Most toggles do not seem to be of any great age. They were largely associated with the tobacco habit. Tobacco only reached China in the sixteenth century while the smoking habit probably did not become widespread until a good deal later. Pipe bags, however, were not the only small bags in use. Similar small bags were used to carry medicines and the toggle form may well have been in use long before the arrival of tobacco. Indeed some genuinely early pieces of jade look remarkably like toggles. An example from the pages of ARTS OF ASIA is a jade "beastie" illustrated as item 92 on page 121 of the article on Chinese art in Durham in the November/December 1983 issue of the journal. If of toggle size it looks like one with an apparent cord hole below- the mouth of the "beastie". Some toggles appear to be of Mongol origin.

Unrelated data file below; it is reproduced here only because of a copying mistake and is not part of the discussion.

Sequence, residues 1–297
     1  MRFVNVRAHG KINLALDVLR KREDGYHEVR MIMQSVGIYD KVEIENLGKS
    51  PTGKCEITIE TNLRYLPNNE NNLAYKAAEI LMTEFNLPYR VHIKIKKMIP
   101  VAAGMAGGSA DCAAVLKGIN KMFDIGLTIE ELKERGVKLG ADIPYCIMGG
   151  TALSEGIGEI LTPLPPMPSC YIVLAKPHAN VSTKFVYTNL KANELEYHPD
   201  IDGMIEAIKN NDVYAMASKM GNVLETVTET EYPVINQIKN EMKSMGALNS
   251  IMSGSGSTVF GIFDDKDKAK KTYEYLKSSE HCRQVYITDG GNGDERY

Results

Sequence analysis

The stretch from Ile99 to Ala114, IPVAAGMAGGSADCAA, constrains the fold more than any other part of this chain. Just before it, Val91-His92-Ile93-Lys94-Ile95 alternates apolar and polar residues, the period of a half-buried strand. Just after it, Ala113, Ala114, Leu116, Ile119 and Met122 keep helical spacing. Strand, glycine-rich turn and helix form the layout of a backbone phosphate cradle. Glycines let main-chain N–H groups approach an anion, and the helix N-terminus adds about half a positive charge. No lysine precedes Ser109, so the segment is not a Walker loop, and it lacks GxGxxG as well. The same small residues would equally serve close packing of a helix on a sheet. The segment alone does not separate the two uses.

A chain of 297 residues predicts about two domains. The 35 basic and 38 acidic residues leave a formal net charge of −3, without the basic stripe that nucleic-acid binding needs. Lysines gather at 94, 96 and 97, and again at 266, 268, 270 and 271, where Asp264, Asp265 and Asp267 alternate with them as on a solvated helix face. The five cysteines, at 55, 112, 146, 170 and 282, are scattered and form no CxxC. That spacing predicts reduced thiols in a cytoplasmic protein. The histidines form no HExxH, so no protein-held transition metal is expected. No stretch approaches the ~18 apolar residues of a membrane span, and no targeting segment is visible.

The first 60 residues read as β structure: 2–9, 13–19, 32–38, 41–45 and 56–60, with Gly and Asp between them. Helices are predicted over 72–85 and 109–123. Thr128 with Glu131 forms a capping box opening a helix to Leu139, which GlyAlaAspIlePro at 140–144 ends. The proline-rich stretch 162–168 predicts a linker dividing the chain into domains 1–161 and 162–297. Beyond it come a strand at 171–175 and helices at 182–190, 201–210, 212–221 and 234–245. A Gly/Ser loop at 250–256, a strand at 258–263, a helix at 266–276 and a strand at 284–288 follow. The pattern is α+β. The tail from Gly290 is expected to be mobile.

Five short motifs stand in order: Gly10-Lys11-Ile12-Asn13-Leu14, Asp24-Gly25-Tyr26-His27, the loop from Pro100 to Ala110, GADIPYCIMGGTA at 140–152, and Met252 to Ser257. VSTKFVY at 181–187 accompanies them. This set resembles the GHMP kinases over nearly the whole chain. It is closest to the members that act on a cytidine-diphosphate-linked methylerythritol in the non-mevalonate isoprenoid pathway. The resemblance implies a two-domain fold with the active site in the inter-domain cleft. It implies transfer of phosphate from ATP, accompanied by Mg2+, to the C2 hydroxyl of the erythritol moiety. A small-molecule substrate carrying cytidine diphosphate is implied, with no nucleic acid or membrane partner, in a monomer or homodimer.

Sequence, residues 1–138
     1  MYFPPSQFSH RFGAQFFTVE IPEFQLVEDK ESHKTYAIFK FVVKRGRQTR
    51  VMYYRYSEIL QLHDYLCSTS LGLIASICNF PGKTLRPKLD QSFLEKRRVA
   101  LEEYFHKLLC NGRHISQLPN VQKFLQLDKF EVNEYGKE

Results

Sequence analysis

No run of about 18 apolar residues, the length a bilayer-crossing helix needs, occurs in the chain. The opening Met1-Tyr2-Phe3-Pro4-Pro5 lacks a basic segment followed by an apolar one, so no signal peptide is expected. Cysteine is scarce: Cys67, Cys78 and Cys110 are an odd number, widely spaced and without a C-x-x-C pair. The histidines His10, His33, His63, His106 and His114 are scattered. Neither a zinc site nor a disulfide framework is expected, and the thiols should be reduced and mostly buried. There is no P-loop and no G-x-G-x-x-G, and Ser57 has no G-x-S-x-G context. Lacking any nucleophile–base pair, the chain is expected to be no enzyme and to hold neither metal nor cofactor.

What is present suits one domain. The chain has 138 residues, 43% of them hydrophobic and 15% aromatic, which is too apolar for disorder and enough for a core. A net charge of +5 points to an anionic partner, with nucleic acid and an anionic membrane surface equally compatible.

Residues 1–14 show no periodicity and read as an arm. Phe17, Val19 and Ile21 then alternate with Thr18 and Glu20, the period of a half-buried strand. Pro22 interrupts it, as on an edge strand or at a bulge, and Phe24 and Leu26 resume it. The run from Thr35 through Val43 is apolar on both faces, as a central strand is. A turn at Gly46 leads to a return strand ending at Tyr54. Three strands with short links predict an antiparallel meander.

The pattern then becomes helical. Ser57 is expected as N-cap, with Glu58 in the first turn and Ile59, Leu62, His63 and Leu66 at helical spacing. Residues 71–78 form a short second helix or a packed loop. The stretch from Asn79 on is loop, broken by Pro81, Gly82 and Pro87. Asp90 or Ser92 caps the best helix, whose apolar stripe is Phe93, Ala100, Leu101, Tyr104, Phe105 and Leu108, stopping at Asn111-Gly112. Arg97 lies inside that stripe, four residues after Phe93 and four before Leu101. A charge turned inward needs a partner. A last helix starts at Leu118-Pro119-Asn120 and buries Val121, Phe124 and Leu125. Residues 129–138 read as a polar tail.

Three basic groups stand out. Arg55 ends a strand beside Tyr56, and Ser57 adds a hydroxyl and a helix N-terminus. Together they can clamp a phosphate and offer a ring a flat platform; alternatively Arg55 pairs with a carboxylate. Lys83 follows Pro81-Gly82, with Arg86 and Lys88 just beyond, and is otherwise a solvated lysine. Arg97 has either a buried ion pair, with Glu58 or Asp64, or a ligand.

A word of warning. There is a certain delightful uncertainty about toggles. Essentially these are small objects, often rounded and pleasant to handle- fine toggles ought to be fondled- and capable of being strung. This does not necessarily mean that they have specially drilled cord holes. This is often the case but the holes are much narrower than in the case of netsuke. It is, nevertheless, sometimes difficult to be sure that a toggle is not a netsuke and vice versa.

WOOD
Snake. 95mm
A simple carving adapted from a natural piece of root.
WOOD
Double cats at play. 58mm
WOOD
Crab, frog and toad on a lotus leaf. 57mm
WOOD
Stylised bat. 65mm
WOOD
Frog peering out from the shelter of a leave. 43mm
WOOD
Pair of pomegranates. 53mm
Crudely carved, but recognisable
WOOD
Pair of shoes. 66mm
WOOD
Plum blossom and bamboo. 52mm
WOOD
Water scoop. 43mm